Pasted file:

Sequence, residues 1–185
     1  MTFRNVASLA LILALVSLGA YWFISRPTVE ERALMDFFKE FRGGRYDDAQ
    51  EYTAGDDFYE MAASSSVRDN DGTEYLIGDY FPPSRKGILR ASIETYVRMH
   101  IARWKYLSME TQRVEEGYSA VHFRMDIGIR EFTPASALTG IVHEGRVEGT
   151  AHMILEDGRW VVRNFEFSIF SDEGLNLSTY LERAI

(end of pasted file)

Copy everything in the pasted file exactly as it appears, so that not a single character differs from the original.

Sequence, residues 1–185
     1  MTFRNVASLA LILALVSLGA YWFISRPTVE ERALMDFFKE FRGGRYDDAQ
    51  EYTAGDDFYE MAASSSVRDN DGTEYLIGDY FPPSRKGILR ASIETYVRMH
   101  IARWKYLSME TQRVEEGYSA VHFRMDIGIR EFTPASALTG IVHEGRVEGT
   151  AHMILEDGRW VVRNFEFSIF SDEGLNLSTY LERAI